It was sweet but not cloying, with hints of ground sesame seeds, mirin, sake, and rice vinegar.

The tempura presentation was very theatrical, too, evoking the centuries-old pine trees on Mount Fuji as well as the traditional Japanese paper fan which nestled the giant sugpo.

FITTING FINALE

We feasted on the other dishes listed on the 12-page menu.

Saving the best for last, we had wagyu steaks, which the restaurant’s owners also sell at their exclusive meat shop around the corner.

That was a fitting grand finale to a wonderful afternoon.

It was a definite proof of the thriving “food” life in the ‘burbs.

PHOTOS FROM THE BONO TEI FB TIMELINE: https://www.facebook.com/bonoteifanpage?fref=photo

Bono Tei, at 333 El Grande St. former Jakarta, is open Monday-Sunday, 11 am to 111 pm. Call 8256330 for reservations

Dining out in Japan


Traditional style zashiki seating on the floor

Japan has a large selection of restaurants of an almost endless variety. While every place is different, the following points will help make dining out in Japan a smooth and enjoyable experience.

Entering the Restaurant

Many restaurants in Japan display plastic or wax replicas of their dishes in a window near their entrance. These replicas serve both to entice and inform patrons of the restaurant's menu and tend to offer an accurate, visual description of the style and price of meals found inside. The displays are especially helpful for foreign tourists who do not read and speak Japanese. For if all other forms of communication fail, you can go outside and point to what you want to order.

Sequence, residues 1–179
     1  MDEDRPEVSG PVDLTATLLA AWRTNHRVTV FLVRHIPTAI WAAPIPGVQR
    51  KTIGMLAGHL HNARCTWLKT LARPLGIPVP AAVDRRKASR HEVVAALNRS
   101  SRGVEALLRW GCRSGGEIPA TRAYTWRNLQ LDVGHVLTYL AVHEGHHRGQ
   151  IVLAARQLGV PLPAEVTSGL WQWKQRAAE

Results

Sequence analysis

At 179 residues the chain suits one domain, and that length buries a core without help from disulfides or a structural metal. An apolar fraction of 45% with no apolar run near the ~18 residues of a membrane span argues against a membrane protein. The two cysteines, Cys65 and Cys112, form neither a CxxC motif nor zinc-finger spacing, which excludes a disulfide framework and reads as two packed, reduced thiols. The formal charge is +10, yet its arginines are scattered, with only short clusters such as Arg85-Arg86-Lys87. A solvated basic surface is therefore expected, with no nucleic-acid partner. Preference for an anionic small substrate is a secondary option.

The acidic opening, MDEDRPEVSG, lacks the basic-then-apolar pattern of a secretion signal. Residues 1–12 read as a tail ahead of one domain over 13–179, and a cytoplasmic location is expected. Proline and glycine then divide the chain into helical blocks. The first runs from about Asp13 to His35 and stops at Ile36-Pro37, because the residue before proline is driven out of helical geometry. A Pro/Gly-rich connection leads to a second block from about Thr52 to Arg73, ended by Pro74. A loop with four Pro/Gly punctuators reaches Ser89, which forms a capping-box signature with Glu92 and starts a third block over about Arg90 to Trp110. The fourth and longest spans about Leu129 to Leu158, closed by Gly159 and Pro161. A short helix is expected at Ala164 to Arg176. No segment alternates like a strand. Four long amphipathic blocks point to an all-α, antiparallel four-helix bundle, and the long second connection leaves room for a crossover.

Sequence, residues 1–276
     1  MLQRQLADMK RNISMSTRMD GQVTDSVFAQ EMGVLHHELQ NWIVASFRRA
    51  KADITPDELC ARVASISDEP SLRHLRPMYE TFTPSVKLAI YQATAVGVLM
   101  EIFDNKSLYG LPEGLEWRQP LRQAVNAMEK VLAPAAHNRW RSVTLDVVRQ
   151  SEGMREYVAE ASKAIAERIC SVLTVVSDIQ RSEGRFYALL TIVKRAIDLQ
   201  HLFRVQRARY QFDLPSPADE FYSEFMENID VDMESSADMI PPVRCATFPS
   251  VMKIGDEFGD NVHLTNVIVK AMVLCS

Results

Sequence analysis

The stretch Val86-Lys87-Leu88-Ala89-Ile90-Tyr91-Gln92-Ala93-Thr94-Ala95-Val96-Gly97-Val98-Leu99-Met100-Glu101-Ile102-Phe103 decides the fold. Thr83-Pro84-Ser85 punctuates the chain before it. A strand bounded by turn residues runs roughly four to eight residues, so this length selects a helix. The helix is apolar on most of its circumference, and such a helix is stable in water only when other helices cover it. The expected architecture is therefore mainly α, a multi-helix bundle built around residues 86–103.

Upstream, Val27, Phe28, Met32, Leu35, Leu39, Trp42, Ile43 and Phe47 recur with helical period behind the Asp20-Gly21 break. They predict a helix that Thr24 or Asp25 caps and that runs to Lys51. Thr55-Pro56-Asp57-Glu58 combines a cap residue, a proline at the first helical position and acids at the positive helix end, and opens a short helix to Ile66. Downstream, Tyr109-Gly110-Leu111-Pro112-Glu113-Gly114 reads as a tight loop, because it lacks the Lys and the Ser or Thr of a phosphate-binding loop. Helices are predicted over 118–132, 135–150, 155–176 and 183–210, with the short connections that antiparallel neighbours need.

Show window displaying food replicas

Upon entering a restaurant, customers are greeted with the expression "irasshaimase" meaning "welcome, please come in". The waiter or waitress will ask you how many people are in your party and then lead you to your table. Only in rare cases, are customers expected to seat themselves.

While a majority of restaurants in Japan provide Western style tables and chairs, low traditional tables where you sit on pillows on the floor are also common and referred to as zashiki. Many restaurants feature both, and you may be asked which you prefer. In case of zashiki style seating, you should remove your shoes at the entrance to the restaurant or before stepping onto the seating area.

Smoking is permitted in many restaurants in Japan. Some restaurants provide both smoking (kitsuen) and non-smoking (kinen) sections, while others are fully smoking or non-smoking. If there is a choice, the waitress will ask you about your preference before seating you.


Modern style restaurant with Western style tables and chairs Ordering and Eating